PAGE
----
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A look at the tax rebate checks

April 15, 2008 11:43:01 AM PDT
With all the economic ups and downs lately, the federal government is getting ready to hand out special tax rebates hoping to jump start the economy.

In the Bay Area, salaries are higher than most of the country and these rebates are tied to your income. So can you expect a check from the IRS this spring?

In the San Francisco Financial District, six-figure salaries are not uncommon.

"It's cost of living especially living here in San Francisco. Salaries are higher and all of our costs are higher," said Bonnie McFarland from San Francisco.

So when the government mailed out notices announcing the rebate, lots of folks here figured they'd get "none of it."

"I got it in the mail my neighbor came over and said you might as well throw that away," said McFarland.

"I think my income level is a little above the threshold for that," said Bruce Rosen from San Francisco.

So what is the threshold? We talked to certified public accountant Sandy Collins.

"It depends on if you're married, single, how many dependents you have," said Certified Public Accountant Sandy Collins.

Here's the basic formula:

Single taxpayers with up to $75,000 in adjusted gross income will get a $600 rebate.

Couples earning up to $150,000 will get $1,200 back, and if you have kids? You'll get $300 for each dependent child under 17.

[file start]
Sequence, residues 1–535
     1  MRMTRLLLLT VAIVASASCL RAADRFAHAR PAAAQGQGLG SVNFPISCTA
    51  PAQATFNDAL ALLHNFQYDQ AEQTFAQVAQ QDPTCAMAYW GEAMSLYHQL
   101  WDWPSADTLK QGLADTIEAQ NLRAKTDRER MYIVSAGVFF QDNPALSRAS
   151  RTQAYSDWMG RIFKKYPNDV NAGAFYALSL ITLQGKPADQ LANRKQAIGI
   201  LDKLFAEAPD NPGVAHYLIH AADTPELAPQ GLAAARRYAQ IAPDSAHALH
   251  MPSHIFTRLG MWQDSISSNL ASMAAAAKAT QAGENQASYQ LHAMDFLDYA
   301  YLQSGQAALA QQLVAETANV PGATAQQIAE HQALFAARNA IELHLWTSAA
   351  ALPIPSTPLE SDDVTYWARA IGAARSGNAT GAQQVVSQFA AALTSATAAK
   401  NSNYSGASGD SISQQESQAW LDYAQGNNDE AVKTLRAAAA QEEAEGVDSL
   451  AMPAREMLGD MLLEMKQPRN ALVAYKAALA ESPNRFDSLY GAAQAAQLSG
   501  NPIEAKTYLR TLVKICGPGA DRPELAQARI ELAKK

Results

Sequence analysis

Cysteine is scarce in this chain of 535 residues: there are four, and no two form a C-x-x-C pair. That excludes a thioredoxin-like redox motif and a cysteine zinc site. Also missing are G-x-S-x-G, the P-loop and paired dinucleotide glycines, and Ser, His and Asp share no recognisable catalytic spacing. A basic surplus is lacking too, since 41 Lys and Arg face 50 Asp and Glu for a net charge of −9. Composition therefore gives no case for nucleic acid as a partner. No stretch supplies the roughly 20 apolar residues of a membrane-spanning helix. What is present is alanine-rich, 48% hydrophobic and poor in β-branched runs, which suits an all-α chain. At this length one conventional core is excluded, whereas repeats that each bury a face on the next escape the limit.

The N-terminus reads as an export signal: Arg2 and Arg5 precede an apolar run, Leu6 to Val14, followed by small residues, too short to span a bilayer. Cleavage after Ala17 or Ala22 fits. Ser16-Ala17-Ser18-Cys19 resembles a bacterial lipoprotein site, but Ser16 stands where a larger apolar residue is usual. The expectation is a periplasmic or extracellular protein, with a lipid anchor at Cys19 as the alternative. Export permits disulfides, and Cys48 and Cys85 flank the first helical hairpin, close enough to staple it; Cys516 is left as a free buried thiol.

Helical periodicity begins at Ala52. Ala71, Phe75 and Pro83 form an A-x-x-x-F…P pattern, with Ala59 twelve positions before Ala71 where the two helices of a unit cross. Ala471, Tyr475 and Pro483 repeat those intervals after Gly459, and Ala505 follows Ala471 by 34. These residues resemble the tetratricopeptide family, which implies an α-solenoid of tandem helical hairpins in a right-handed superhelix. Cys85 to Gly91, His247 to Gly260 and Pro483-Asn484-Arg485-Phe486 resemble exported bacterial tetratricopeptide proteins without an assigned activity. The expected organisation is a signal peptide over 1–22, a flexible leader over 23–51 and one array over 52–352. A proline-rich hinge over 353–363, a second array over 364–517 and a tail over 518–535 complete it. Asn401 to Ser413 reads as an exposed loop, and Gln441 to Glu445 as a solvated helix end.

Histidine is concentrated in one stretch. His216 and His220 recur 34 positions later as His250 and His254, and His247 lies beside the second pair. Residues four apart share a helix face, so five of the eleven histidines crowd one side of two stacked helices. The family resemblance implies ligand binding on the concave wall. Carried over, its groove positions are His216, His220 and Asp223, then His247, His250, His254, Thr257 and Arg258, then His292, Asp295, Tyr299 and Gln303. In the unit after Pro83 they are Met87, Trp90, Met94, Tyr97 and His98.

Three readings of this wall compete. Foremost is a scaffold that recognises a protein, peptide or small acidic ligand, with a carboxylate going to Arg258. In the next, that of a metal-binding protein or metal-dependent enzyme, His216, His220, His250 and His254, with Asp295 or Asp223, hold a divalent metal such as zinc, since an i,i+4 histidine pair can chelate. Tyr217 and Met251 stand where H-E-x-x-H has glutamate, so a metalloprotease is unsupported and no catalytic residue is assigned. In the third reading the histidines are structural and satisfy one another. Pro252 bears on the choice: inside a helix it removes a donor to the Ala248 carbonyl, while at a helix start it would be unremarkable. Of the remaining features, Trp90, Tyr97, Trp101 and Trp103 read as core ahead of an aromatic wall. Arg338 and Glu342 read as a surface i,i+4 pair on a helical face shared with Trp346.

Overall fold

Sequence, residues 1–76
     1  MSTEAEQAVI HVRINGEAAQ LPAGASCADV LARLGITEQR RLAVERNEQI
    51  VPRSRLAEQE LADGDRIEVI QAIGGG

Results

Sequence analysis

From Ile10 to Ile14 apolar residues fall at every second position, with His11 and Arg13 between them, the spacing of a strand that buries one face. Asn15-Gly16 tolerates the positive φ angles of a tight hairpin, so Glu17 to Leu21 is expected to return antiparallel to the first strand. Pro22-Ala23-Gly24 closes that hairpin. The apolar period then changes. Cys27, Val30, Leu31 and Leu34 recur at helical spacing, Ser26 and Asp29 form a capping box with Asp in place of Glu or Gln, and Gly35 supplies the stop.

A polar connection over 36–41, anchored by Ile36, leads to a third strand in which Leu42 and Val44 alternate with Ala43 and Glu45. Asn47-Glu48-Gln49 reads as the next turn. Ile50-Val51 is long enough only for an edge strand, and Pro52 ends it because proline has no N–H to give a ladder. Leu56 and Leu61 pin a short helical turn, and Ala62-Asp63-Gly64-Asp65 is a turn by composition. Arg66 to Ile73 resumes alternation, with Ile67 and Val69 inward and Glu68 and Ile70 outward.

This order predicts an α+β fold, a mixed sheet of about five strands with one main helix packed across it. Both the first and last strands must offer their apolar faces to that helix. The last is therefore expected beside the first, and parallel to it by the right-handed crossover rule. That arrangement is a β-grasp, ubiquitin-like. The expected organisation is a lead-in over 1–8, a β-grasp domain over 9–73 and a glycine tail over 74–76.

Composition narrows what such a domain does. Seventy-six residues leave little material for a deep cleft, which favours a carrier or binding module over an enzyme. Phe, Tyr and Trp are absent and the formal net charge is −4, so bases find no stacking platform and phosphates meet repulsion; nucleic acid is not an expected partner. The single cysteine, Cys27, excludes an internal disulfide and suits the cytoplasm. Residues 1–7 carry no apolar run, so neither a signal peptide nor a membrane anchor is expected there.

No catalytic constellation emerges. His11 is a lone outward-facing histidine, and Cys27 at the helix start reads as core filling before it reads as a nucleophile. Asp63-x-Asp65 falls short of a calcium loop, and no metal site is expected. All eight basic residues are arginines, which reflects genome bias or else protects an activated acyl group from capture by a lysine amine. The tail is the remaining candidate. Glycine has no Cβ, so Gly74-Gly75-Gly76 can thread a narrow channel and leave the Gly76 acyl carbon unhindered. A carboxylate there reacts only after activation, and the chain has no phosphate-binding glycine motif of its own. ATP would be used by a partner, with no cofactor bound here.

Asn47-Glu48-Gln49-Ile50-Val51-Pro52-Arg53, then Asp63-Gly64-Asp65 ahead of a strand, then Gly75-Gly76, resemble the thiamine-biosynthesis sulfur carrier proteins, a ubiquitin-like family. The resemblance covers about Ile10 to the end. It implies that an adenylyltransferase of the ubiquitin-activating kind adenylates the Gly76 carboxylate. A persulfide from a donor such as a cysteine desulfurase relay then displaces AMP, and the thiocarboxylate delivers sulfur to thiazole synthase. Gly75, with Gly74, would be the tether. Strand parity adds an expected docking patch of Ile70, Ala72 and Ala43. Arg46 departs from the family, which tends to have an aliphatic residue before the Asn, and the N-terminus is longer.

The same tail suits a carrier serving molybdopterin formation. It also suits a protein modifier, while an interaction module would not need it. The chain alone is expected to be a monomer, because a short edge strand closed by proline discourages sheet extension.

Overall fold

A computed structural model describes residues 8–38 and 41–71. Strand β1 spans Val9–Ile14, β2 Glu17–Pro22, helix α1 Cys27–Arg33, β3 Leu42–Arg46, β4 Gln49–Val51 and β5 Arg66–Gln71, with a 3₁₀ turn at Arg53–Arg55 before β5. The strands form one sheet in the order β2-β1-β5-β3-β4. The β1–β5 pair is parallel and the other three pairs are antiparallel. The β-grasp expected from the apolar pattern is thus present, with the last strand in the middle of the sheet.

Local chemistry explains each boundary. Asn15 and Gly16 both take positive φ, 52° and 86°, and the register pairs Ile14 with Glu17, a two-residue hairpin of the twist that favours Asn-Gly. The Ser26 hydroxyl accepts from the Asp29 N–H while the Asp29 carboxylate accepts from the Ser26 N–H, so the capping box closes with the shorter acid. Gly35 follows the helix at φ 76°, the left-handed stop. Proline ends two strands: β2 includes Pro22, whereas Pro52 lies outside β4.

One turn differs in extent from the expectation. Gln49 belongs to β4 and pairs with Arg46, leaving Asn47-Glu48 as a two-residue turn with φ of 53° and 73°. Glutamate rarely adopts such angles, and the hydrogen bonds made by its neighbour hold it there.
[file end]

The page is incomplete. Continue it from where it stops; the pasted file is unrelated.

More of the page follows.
"A lot people in the Bay Area are not going to get a rebate because their income is going to be too high," said Sandy Collins.

So, what if your income is above the limit? In that case the rebate starts to go down. The more you earn, the less you get and if you make too much, you get zero.

"I got the notice in the mail and I read it already and I'm not eligible," said Carrie Schiliemann of San Francisco.

Here's examples of people who won't get any rebate:

  • Single taxpayers with no children earning $87,000 or more.
  • Couples with no children earning $174,000 dollars or more.
  • Couples with two children earning $186,000 dollars or more.
  • Couples with three children earning $192,000 dollars or more.

    Sandy says the higher incomes are fairly common in the Bay Area.

    "Overall probably not benefit as much from the economic stimulus package because I don't think as many people will qualify," said Collins.

    U.S. Census data backs that up. For example, it says more than one-fourth of married couples in the Bay Area earn more than that $150,000 limit. Compare that with Cleveland where just two percent of couples earn that much.

    But averages aside, there are plenty of people here who will get a rebate.

    "There are a lot of us recent grads who are still struggling. For some of us it will make a difference," said Brittani Parks from San Francisco.

    "A lot of people who are in lower income areas of the Bay Area will probably qualify," said Collins.

    "It would be nice, go do some traveling, or buy some more clothes," said Parks.

    It's important to note the formula is based on earned income, not tax-free income. You don't have to apply for the rebate, but you "must" file a 2007 tax return to get it.

    Related links:

  • Economic stimulus rebate information center
  • Economic stimulus payment calculator


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